You can use Structured Exception Handling to catch the divide by zero error. How that's achieved depends on your compiler. MSVC offers a function to catch Structured Exceptions as catch(...) and also provides a function to translate Structured Exceptions into regular exceptions, as well as offering __try/__except/__finally. However I'm not familiar enough with MinGW to tell you how to do it in that compiler.

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4  
+1 for the advice to fix the hole in the wall rather than trying to hang a picture over it. – John Dibling Jan 20 '11 at 14:00
2  
-1 for overuse of metaphors. – Vortico Apr 15 '12 at 8:32
2  
+1 for saying that checking a condition is cheaper than catching an exception. – orian Oct 26 '12 at 7:49
2  
Uh, overuse of metaphors? I don't see any metaphors. – Puppy Nov 12 '12 at 14:14
1  
I don't agree that "division by zero==programmer bug". Imaging you run a complex algorithm on a bunch of unpredictable input data(data from external source, disk file, network etc) which could possibly cause division by zero, then you realize checking zero before each use of / operator is very cumbersome. Then, something like Windows SEH is such a good rescue. – Jimm Chen Dec 23 '15 at 14:44
  1. There's isn't a language-standard way of catching the divide-by-zero from the CPU.

  2. Don't prematurely "optimize" away a branch. Is your application really CPU-bound in this context? I doubt it, and it isn't really an optimization if you break your code. Otherwise, I could make your code even faster:

    int main(int argc, char *argv[]) { /* Fastest program ever! */ }
    
share|improve this answer

Divide by zero is not an exception in C++, see http://www.jdl.co.uk/briefings/divByZeroInCpp.html

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3  
The OP said that in the question. "Is it possible to catch such an exception (which I understand is not a C++ exception, but a FPU exception)?" – Lightness Races in Orbit Jan 20 '11 at 14:04
    
The OP should just do a zero check :) – ismail Jan 20 '11 at 14:08
    
but it should be an exception – user678269 Feb 24 '14 at 20:55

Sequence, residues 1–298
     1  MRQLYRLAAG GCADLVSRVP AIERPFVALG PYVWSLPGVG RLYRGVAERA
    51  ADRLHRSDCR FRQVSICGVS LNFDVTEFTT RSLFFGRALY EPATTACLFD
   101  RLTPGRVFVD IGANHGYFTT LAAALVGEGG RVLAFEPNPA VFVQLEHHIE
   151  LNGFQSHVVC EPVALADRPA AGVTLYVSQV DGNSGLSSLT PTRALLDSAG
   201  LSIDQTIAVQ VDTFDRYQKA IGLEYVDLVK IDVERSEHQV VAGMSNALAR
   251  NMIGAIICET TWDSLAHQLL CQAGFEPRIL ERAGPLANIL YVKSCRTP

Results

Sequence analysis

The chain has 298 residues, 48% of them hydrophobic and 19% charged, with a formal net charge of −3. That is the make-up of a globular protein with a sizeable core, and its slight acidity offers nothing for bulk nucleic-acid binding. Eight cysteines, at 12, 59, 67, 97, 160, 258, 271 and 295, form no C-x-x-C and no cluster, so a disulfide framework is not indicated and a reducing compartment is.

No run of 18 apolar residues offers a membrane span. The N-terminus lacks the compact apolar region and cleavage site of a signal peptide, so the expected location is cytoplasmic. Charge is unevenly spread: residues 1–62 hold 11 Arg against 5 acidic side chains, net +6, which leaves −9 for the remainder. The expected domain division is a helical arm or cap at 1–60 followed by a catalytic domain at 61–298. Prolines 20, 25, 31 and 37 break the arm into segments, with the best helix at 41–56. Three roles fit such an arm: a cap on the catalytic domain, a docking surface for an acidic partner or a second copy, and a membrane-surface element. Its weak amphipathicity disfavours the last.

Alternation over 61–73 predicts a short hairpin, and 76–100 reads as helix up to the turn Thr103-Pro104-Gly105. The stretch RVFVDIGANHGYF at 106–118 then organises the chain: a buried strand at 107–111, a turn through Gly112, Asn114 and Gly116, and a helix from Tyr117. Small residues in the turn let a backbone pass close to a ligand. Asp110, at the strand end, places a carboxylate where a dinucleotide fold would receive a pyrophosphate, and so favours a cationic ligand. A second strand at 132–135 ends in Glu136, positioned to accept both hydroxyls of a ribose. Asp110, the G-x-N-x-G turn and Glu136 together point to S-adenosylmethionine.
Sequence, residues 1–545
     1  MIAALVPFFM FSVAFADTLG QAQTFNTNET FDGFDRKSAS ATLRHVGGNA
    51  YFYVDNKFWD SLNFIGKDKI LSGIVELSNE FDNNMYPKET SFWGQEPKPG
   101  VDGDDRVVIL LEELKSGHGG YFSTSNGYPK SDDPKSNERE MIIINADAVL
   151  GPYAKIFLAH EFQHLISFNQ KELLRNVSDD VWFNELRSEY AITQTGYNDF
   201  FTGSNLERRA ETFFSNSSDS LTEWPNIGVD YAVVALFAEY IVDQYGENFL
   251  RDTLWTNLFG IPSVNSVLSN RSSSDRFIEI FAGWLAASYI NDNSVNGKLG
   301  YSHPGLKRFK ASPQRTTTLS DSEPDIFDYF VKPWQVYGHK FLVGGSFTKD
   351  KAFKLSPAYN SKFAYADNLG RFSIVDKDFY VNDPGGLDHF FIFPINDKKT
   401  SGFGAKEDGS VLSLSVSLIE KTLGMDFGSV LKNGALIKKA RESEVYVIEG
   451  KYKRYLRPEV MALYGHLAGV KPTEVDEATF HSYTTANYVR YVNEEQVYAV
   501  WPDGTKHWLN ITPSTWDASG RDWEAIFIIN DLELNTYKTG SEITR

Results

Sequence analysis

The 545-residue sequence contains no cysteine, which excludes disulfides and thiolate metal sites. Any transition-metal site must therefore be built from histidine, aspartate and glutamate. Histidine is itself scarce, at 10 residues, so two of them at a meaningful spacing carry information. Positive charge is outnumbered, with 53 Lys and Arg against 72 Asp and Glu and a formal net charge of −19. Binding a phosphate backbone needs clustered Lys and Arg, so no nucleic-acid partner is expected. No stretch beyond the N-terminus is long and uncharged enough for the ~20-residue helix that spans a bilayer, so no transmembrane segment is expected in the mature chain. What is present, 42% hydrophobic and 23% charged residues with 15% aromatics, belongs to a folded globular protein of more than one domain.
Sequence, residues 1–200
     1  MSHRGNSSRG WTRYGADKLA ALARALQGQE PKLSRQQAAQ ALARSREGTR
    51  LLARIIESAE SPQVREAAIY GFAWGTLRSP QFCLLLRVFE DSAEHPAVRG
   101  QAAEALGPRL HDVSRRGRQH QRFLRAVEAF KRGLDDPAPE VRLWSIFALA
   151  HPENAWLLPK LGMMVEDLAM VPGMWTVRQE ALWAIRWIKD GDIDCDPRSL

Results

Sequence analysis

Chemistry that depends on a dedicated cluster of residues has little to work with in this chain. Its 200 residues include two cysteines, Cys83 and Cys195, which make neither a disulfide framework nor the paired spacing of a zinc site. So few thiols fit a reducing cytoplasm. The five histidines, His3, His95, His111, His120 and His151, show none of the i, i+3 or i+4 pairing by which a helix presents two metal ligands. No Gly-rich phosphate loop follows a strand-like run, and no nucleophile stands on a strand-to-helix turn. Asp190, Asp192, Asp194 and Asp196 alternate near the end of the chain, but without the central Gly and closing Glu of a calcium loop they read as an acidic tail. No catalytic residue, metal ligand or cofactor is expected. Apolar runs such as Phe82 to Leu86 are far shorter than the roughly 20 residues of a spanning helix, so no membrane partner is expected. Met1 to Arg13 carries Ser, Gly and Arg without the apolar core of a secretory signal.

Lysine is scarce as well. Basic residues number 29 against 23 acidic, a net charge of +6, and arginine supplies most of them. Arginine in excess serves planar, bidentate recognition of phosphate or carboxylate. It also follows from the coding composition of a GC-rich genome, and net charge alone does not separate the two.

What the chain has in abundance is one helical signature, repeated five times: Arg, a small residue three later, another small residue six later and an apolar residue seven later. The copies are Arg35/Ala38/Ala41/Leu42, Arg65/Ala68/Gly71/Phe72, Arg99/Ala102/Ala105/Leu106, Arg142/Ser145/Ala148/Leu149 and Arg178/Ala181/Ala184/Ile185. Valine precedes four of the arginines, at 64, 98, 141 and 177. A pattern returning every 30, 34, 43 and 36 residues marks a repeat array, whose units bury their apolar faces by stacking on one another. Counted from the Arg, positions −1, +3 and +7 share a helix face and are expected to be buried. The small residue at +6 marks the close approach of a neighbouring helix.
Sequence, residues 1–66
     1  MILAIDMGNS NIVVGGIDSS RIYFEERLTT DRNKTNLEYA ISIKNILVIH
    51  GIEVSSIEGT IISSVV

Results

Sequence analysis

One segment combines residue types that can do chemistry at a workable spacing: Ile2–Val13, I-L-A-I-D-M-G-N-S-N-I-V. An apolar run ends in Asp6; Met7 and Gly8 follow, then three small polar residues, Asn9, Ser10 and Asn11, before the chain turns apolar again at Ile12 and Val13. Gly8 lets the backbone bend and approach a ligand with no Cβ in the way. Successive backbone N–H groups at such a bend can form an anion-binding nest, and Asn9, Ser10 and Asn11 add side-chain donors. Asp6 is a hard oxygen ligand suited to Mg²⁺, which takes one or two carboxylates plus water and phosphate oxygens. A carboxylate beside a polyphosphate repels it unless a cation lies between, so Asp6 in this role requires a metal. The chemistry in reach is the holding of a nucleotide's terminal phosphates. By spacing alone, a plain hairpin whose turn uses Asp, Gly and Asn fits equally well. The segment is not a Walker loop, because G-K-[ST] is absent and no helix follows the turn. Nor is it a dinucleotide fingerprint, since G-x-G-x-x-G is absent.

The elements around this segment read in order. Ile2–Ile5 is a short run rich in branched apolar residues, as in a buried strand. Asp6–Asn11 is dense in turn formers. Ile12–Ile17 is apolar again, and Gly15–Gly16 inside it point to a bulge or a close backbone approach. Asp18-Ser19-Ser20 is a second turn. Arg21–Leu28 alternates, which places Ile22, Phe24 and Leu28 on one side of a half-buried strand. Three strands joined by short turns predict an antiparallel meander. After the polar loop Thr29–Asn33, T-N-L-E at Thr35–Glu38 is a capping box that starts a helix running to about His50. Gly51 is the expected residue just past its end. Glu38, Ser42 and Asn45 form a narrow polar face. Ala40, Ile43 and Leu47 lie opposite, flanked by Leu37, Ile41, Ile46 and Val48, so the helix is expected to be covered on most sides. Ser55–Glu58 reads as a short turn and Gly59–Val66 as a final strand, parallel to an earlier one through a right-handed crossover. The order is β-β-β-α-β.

Somehow the real explanation is still missing.

Is it possible to catch such an exception (which I understand is not a C++ exception, but a FPU exception) ?

Yes, your catch block should work on some compilers. But the problem is that your exception is not an FPU exception. You are doing integer division. I don’t know whether that’s also a catchable error but it’s not an FPU exception, which uses a feature of the IEEE representation of floating point numbers.

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Worse: it's UB. – rightfold Oct 26 '15 at 15:53
    
FPU exceptions are not caught by catch(...) in standard C++. But at least one compiler has supported it, long ago. Namely, Visual C++ once had that as a language extension. I believe, seem to recall, that extension was present in version 6.0, which was pre-standard, and was dropped in version 7.0, the first Visual Studio.NET version and post C++98. – Cheers and hth. - Alf Apr 4 at 11:35

On Windows (with Visual C++), try this:

BOOL SafeDiv(INT32 dividend, INT32 divisor, INT32 *pResult)
{
    __try 
    { 
        *pResult = dividend / divisor; 
    } 
    __except(GetExceptionCode() == EXCEPTION_INT_DIVIDE_BY_ZERO ? 
             EXCEPTION_EXECUTE_HANDLER : EXCEPTION_CONTINUE_SEARCH)
    { 
        return FALSE;
    }
    return TRUE;
}

MSDN: http://msdn.microsoft.com/en-us/library/ms681409(v=vs.85).aspx

share|improve this answer
    
no need to use this ancient try-catch but the normal C++ try-catch with (...) is also doing it -- assuming that compiler option /EHa is used. – user4590120 Apr 24 at 20:00

Well, if there was an exception handling about this, some component actually needed to do the check. Therefore you don't lose anything if you check it yourself. And there's not much that's faster than a simple comparison statement (one single CPU instruction "jump if equal zero" or something like that, don't remember the name)

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To avoid infinite "Signal 8 here!" messages, just add 'exit' to Kos nice code:

#include <csignal>
#include <iostream>
#include <cstdlib> // exit

using namespace std;

void handler(int a) {
    cout << "Signal " << a << " here!" << endl;
    exit(1);
}

int main() {
    signal(SIGFPE, handler);
    int a = 1/0;
}
share|improve this answer

As others said, it's not an exception, it just generates a NaN or Inf.

Zero-divide is only one way to do that. If you do much math, there are lots of ways, like
log(not_positive_number), exp(big_number), etc.

If you can check for valid arguments before doing the calculation, then do so, but sometimes that's hard to do, so you may need to generate and handle an exception.

In MSVC there is a header file #include <float.h> containing a function _finite(x) that tells if a number is finite. I'm pretty sure MinGW has something similar. You can test that after a calculation and throw/catch your own exception or whatever.

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2  
This would be true for floats, but this example is with integers, therefore no NaN and no inf, CPU generates a signal/structured exception/whatever you want to call it instead. – Suma Jan 25 '11 at 15:30
1  
@Suma: Touche'. BTW, haven't argued with you for a while. Hope things are well. – Mike Dunlavey Jan 25 '11 at 18:30